by Bud Smith

I grew up in campground in New Jersey, all dirt roads—so it felt like West Virginia or something but everybody had an accent like Sylvester Stallone. Shout out to all my Cedar Creek Campground homies! Whoop Whoop!

Outside the campground theres a little town by the bay, called Bayville, surrounded by pine trees—in the pines, looming over the town, there's a massive beige castle built in the 1920s by Al Capone, as a luxury resort. Well now there's nothing luxurious about it, it's a convalescent home, and a mental care facility. 

That's where my grandfather died. Those places are horrible. They steal all your things while you're laying there dying. They stole my grandpa's watch.

But the place is magic too. There's escape tunnels that go beneath the cranberry bog for when Al Capone had to dodge the law, the G Men coming for him and all his bootlegged liquor. I spent my youth trying to find the entrances to those tunnels.

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It's also where my mother went when she had her mental breakdown, FYI.

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One of my coworker's, Charlie, his mom wound up in that place too, but just to die, at 90—but we, me and the coworker, we didn't talk about it like that. What happened, was—out of the blue, a few weeks ago, he began bringing me an orange each shift. Or sometimes it wasn't an orange, sometimes it was a different kind of citrus, a minneola, or a clementine, once it was a grapefruit.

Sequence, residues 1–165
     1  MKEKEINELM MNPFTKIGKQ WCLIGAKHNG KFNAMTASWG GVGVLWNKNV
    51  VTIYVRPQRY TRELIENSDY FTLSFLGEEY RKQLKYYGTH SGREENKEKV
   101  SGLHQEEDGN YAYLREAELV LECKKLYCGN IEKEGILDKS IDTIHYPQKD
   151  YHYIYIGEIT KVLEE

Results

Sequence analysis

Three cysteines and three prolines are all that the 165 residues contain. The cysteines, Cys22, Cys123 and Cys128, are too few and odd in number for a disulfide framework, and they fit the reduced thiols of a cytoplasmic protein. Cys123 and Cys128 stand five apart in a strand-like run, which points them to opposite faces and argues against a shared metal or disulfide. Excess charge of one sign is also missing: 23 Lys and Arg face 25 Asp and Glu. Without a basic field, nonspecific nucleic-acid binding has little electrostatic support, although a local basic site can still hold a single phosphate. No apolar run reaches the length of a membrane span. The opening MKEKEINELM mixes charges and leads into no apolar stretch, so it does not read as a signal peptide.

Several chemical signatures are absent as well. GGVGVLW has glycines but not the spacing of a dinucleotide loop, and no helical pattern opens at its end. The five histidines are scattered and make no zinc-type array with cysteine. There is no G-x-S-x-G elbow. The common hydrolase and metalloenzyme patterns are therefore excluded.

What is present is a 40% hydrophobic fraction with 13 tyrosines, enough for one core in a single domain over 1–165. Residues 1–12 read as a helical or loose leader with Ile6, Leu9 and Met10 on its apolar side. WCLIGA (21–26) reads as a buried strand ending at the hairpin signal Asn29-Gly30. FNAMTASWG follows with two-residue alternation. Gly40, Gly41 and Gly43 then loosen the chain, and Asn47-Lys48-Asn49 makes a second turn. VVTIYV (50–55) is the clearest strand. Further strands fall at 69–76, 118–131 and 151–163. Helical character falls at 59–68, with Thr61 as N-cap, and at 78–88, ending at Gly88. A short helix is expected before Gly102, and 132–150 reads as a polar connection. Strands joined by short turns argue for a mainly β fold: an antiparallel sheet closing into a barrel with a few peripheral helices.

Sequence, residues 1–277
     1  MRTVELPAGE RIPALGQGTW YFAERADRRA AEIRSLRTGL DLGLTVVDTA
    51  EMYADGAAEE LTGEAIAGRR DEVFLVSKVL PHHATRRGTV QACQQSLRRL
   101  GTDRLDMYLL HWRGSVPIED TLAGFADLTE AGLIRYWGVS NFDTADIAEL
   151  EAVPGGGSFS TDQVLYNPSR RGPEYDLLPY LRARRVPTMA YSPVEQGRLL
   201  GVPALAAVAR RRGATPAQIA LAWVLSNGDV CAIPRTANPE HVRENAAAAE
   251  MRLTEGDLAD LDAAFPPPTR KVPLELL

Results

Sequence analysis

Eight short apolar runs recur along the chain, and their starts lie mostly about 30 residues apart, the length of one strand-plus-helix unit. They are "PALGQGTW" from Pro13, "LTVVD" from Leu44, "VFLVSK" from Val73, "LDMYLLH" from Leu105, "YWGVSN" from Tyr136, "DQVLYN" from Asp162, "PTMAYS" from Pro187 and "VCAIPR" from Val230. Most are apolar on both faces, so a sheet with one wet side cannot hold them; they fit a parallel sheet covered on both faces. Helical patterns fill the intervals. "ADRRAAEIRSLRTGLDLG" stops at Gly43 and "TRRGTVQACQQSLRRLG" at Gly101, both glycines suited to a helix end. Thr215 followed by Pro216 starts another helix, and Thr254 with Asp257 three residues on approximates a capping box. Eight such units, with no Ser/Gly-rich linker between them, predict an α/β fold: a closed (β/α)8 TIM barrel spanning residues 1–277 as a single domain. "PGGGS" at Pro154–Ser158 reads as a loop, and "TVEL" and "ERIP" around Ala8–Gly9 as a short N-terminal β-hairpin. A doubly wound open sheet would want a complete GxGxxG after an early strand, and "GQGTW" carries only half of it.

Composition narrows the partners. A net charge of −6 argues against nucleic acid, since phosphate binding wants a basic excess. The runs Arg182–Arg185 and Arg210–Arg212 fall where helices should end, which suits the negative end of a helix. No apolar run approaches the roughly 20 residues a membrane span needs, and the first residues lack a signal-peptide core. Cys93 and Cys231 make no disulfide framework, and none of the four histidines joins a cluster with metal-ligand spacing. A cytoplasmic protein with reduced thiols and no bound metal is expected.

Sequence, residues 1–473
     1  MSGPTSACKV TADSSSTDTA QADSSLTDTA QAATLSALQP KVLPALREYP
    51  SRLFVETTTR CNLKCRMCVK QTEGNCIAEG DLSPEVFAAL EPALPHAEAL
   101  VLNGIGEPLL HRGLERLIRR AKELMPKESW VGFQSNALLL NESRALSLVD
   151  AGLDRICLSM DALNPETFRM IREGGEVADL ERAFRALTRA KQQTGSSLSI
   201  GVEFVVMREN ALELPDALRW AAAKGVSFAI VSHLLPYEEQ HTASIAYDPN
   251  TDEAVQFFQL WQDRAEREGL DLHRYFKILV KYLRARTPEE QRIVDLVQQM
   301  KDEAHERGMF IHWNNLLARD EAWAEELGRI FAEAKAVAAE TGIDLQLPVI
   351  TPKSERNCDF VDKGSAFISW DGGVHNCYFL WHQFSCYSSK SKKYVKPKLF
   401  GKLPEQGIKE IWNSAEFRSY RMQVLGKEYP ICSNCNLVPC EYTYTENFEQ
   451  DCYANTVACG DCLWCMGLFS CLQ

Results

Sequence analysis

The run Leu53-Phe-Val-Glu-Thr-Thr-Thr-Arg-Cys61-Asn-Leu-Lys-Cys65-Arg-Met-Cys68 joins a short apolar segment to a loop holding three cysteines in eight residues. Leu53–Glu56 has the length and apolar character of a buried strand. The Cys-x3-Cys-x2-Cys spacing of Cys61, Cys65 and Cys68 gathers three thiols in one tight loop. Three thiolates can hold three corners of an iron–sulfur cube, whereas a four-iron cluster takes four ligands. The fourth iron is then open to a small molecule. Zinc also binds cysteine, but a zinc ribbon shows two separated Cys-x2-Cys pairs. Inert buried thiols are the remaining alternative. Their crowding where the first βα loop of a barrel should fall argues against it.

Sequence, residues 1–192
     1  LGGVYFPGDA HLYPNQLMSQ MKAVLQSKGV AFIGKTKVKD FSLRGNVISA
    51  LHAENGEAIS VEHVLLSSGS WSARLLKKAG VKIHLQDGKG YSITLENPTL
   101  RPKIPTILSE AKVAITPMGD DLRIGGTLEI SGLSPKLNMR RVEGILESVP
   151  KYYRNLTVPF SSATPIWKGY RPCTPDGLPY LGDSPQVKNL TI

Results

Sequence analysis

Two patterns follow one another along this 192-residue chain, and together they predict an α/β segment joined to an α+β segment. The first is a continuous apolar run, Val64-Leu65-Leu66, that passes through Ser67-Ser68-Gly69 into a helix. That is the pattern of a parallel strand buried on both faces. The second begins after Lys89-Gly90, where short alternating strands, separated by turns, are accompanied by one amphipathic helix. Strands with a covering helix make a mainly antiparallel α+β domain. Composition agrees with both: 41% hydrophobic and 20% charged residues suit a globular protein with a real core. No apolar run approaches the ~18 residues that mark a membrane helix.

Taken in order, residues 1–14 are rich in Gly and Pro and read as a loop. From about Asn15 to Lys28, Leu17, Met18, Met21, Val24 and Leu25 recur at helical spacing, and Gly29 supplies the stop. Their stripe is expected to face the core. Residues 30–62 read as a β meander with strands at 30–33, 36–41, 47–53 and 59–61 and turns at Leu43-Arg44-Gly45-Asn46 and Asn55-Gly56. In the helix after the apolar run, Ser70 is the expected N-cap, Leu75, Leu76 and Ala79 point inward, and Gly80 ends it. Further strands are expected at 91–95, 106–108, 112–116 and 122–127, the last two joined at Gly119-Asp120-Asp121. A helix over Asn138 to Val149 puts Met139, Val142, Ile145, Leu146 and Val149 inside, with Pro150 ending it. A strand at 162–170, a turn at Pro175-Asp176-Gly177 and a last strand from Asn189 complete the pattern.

We hadn't ever got along, all the years of working together and last summer there was a moment when he'd got into my face, finger stabbing me in the chest and he'd said, “I'll see you in the parking lot, motherfucker.”

He legit wanted to fight and I can't remember what it was about now, but I didn't go out in the parking lot at 3:30pm like he wanted and fist fight him, like he said he wanted, probably partly because he was 68 and I was 32 and there's no way to win a fight against a 68 year old man; either he beats the shit out of you and there you are with a bloody nose and a loose tooth from an old man; or there you are with a fractured hand and an old man laying in the gravel, wheezing, spitting, coughing up a pained pant and you just look like an asshole.

So I let it go, and he let it go:

But now the oranges.
But now the grapefruit.
But now these minneolas so ripe with juice.